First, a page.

- I was inspired by the creative spirit of all the presenters. I take pictures like crazy so that I can bring some ideas back to my classroom. Our end-of-the-year bubble day has taken on a whole new level of excitement, and the mentos and coke experiment works its way into science every year now, complete with the heightened drama of lab coats and safety goggles. My students experience an innovative spirit in my classroom. It’s an amazing transformation from “tell me what to do” to “let me explain what I did.” This year my students made balloon rockets to learn about air pressure. They designed, tested, redesigned, and finally competed in a rocket race using string tracks spanning the width of the classroom. Most recently my students made an ugly bunny doll. After a basic lesson on sewing, they were free to create with a variety of materials. Each ugly bunny was unique in size, shape, and features. Removing creative restrictions raises the engagement level as every student puts their personal mark on their project. — Susan
- I found multiple aspects of Maker Faire to be thrilling, exciting and engaging. I love seeing and hearing how makers brought their ideas to life from conception construction revision all the way to the final product. We ordered our first 3D printer this year and had my students design a phone stand. I was inspired by the diversity of maker projects. Some projects had one part while others had many. Some people built software, hardware, invented a tool, car bike, or just a really cool fashion statement piece of clothing. I really like the breakout sessions. — Charles
- I brought back many ideas for how to craft creative, open-ended, and hands-on activities into lessons for my class. Maker Faire is a celebration of science and creativity, and I appreciate getting to take the perspective of a learner and creator while attending the faire. It puts me in a mindset where I can think about how to create those kinds of experiences for my students during class. I was inspired by the food makers area — food has intrinsic engagement value, and I built a food science unit for my middle schoolers around some of the activities I saw at Maker Faire. My students made cheese, bread, butter, jam, soda, and sauerkraut from scratch, all while learning the science behind these foods. One of my students mentioned that she didn’t want to buy any of these at the store anymore now that she knows how to make better versions herself! — Monica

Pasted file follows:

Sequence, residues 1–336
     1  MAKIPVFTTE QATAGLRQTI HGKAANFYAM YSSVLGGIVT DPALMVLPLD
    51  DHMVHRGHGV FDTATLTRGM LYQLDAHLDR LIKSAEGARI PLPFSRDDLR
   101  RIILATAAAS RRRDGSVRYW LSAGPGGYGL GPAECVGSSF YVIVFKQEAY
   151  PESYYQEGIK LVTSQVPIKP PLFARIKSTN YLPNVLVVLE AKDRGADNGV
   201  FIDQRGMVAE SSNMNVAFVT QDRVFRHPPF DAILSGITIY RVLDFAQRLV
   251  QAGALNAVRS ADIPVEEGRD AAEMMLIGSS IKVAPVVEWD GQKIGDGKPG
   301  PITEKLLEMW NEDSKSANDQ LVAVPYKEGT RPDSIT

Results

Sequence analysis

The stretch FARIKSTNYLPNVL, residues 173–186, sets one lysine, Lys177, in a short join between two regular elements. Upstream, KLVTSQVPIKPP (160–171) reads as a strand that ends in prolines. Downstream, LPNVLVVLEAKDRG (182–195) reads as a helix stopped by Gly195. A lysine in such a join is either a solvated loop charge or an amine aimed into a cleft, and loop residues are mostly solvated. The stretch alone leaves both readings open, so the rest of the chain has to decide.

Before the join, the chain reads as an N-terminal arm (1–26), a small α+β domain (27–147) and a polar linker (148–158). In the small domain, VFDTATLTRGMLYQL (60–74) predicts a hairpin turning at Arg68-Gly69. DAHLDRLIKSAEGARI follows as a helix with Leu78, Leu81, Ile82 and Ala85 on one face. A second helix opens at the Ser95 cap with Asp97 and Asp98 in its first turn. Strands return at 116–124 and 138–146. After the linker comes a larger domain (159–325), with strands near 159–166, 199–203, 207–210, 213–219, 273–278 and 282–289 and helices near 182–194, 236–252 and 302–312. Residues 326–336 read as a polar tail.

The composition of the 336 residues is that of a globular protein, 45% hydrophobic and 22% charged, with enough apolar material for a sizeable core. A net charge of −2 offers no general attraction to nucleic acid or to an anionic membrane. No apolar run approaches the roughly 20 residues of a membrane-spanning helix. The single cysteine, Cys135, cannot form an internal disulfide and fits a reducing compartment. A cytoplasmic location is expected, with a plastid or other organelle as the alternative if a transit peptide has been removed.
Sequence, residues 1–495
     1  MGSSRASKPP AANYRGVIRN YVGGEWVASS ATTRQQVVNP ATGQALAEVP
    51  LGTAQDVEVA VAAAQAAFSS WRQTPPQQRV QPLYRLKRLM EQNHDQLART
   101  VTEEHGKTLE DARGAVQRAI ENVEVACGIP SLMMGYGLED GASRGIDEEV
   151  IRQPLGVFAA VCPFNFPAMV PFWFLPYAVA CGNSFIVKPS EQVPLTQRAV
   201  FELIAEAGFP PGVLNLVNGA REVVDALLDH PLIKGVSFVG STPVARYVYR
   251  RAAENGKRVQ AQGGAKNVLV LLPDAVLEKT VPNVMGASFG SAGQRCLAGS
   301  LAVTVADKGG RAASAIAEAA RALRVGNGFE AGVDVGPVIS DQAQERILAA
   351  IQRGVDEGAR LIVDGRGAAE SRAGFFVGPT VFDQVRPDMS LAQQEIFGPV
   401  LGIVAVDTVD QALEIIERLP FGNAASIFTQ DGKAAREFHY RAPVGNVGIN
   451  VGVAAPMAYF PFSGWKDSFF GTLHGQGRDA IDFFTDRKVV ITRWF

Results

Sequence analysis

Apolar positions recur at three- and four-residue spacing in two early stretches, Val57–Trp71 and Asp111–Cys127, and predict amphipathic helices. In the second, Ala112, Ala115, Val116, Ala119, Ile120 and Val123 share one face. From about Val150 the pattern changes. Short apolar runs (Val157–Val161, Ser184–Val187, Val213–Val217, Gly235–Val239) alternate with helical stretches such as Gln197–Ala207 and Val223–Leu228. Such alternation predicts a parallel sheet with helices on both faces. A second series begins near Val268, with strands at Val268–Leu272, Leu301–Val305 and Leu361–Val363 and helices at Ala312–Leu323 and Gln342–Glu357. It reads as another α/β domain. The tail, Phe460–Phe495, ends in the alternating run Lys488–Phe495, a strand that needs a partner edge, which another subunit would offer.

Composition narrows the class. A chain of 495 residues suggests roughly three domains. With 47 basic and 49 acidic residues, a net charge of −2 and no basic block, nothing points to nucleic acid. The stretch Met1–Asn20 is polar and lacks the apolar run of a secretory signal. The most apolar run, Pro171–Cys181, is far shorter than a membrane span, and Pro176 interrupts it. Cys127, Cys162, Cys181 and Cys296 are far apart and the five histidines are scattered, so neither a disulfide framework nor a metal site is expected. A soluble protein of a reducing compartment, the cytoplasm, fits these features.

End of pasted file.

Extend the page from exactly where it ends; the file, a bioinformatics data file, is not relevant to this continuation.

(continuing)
- I was inspired by the many people who mentioned THEY were inspired by some kooky crazy teacher or parent or friend who just loved the process of making that got them interested in what they do now, whether it was metal work and robotics or just cooking and knitting. Just showing how much you LOVE doing something in front of someone else is truly an inspiring experience I want to create for my students. — Sarah
- I became a lot more open to the variety of making that is possible — it is not just about robots and 3D printers, but also includes building, graphic design, cooking, arts and crafts. The eclectic mixture of what is making was evident from walking around, and really helped to broaden my own ideas for how making can reach a lot of different people and interests. I was also brought back a hope that some of the more expensive tools could be had, with a little creativity. I spoke with teachers about fundraising, sales reps about discounts for schools, and individual vendors about their new products that were half the cost of last year’s version. Simply put — we could do it on our budget. I was inspired by the passionate and energetic students and teachers that stood and talked with me, and hundreds of other strangers, for hours on end about their projects. I was also inspired by the creativity and diversity of ideas I saw — making can be very flexible and individual. I was also inspired by the “not yet finished” aspect of all the makers. This was a process that was ongoing, and I could be a part of it. It was hard not to think about all the times I had an idea, but just hadn’t followed through on it. Here were hundreds of people that had followed through — some with spectacular success, others with spectacular failure — but all having a blast in the process. —Daniel